My spirit has been comforted and grounded by a time of nestling in these recent years. Since moving to West Virginia, the rolling green hills have fostered a setting of comfort and security, beckoning me to nestle in their sheltering presence. A cozy, nurturing feeling seems to surround and protect me.

I have even found gifts in our “necessary nestling” of isolation during the pandemic. Jim and I learned to slow our pace, find joy in homemaking, savor time outdoors, tend relationships in new ways, and notice everyday blessings. Nestling has provided a tender, soothing space for our souls. In fact, I have become quite comfortable in this way of living – remaining mostly homebound, keeping community with those closest to me, living the days more slowly and contemplatively.

But on a recent visit to my hometown in Northwest Ohio, I felt my soul expand as I walked along the wide-open fields, under the immense blue sky, upon the flat country roads inviting me onward. I grinned as I recalled a childhood moment when I stood facing an open field with two cardboard “wings” under my arms. Knowing nothing about aerodynamics, I was certain that if I ran quickly enough, I would soar – at least for a few seconds! My childhood soul felt limitless, with no boundaries to my imagination.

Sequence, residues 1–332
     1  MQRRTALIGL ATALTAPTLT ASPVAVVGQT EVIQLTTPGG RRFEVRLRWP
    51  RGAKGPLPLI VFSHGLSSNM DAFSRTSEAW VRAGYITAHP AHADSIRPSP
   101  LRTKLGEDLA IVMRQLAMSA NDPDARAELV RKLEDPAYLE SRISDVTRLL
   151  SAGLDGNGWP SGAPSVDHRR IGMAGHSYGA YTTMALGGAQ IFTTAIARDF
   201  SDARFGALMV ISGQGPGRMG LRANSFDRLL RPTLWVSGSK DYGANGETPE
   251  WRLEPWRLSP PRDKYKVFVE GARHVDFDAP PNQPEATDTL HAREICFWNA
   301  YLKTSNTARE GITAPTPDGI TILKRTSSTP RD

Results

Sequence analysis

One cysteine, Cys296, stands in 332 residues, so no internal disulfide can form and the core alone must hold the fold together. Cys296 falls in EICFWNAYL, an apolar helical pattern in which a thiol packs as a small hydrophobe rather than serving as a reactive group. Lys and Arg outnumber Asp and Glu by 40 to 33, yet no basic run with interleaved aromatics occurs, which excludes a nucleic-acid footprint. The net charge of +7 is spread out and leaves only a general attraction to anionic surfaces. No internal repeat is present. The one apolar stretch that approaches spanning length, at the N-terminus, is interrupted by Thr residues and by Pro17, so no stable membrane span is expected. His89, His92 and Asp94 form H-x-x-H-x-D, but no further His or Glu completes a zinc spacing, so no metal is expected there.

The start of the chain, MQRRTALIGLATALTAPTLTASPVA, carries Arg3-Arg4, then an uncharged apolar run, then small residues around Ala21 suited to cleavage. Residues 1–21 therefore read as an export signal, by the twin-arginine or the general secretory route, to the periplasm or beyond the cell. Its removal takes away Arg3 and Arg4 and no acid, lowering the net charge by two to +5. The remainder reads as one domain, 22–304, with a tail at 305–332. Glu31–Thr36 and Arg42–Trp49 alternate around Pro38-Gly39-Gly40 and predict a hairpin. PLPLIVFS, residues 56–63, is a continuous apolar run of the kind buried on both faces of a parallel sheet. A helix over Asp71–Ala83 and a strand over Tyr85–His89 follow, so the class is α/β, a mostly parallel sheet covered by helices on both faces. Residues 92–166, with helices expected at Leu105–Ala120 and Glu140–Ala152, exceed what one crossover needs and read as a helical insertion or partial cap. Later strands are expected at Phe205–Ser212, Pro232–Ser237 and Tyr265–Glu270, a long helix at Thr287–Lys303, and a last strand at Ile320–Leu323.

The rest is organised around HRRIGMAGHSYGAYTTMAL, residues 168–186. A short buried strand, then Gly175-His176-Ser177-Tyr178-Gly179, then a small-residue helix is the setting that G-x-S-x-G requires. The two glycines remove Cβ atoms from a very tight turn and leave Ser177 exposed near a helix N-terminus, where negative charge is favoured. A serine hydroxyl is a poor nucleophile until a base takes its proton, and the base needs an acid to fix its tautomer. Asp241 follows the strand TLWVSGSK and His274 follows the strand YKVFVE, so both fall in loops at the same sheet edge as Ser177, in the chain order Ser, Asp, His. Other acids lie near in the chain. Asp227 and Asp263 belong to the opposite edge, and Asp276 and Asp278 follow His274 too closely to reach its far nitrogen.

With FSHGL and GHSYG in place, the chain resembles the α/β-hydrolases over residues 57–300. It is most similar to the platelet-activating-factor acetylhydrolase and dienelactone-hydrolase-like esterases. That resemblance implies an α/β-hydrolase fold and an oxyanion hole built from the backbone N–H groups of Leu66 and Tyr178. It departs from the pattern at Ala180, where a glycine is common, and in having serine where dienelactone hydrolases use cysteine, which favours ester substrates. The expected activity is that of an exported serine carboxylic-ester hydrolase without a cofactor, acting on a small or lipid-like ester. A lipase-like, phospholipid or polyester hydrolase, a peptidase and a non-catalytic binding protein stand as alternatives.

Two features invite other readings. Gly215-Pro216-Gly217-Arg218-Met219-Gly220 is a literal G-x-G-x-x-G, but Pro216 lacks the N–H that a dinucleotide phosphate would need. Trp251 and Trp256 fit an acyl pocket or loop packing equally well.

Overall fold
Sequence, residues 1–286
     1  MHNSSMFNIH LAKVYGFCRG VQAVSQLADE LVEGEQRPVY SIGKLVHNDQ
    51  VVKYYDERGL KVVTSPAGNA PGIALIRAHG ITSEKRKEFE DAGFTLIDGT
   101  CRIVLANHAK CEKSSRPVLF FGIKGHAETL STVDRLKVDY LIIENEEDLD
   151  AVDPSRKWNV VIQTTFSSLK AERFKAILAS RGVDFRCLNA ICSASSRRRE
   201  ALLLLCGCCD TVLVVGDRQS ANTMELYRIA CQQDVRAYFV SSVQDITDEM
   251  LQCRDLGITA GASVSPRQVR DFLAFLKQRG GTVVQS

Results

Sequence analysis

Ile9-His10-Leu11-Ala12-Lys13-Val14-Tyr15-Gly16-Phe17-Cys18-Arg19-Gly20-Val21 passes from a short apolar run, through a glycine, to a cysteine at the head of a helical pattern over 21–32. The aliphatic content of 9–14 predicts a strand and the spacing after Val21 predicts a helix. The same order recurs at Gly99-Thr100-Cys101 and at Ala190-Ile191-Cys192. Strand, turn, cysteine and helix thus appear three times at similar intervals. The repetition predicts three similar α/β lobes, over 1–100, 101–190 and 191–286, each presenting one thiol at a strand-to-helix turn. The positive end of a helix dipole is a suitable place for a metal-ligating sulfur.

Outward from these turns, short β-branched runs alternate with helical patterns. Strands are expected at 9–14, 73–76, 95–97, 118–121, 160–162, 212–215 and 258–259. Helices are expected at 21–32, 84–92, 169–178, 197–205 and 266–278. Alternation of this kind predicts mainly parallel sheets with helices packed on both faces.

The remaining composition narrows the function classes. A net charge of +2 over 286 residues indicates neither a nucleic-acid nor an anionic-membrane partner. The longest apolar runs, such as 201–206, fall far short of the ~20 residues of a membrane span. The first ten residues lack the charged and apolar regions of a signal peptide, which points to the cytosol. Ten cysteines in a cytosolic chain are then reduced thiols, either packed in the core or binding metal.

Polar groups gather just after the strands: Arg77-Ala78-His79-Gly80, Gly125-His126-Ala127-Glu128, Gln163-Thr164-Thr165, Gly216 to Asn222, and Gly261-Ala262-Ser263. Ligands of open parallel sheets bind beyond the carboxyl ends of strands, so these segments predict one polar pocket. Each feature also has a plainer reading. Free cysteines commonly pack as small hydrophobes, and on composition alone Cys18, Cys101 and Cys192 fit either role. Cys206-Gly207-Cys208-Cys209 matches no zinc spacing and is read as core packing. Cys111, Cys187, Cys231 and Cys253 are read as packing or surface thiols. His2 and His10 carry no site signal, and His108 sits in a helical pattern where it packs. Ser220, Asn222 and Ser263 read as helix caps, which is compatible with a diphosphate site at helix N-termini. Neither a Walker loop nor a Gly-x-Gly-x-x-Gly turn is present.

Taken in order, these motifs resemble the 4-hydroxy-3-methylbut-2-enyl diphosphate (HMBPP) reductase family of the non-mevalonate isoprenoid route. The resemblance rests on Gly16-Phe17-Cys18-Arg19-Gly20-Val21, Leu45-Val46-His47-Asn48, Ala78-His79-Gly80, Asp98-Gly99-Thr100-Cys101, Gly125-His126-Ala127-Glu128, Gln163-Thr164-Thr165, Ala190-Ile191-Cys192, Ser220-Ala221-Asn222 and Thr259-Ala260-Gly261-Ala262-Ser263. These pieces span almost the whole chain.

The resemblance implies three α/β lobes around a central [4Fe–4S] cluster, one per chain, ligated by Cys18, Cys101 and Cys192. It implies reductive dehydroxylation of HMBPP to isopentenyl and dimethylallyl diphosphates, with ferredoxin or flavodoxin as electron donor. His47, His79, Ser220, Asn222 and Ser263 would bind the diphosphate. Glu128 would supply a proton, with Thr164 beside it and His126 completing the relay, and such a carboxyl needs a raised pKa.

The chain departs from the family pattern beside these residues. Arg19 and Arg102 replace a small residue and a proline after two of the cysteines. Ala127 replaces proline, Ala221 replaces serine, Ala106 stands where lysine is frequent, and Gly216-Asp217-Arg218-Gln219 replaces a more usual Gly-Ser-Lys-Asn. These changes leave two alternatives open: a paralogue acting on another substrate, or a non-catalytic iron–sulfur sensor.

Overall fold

Were the fields inviting me to soar once again?

Have I become too comfortable in my nestling? Is it time to begin racing across the open fields of possibility, to chase after the hopes and dreams once set aside? Is it time to run toward my full potential – pursuing the inner longings that God has placed within me? Is now the time to soar?

I sense that an invitation has been extended that I feel ready to accept – to more fully enter into community, consider new opportunities, and actively share God’s love.

Our prayerful nestling times with God can help us find courage for our fear, clarity for our confusion, and inspiration for our complacency. Abiding in God’s nurturing love will prepare and encourage us for all the adventures that God and life will offer.

We will be ready to accept these new invitations to live life abundantly – to serve, to strive, and perhaps even to soar.

(Photo by Karen, Curtice, Ohio)


  1. There are few possibilities,
    scant chances for a brighter day,
    but these are not futilities,
    and really, I am quite OK
    with a life now circumscribed
    by this fated circumstance;
    cancer can’t be bought or bribed,
    but it has taught me to dance
    and twirl within this narrow place,
    toe-shoes squeaky on the boards,
    the pain become a hymn of grace
    that moves my heart much closer towards
    the Lord who has made gifts of harms
    and holds me gently in His arms.


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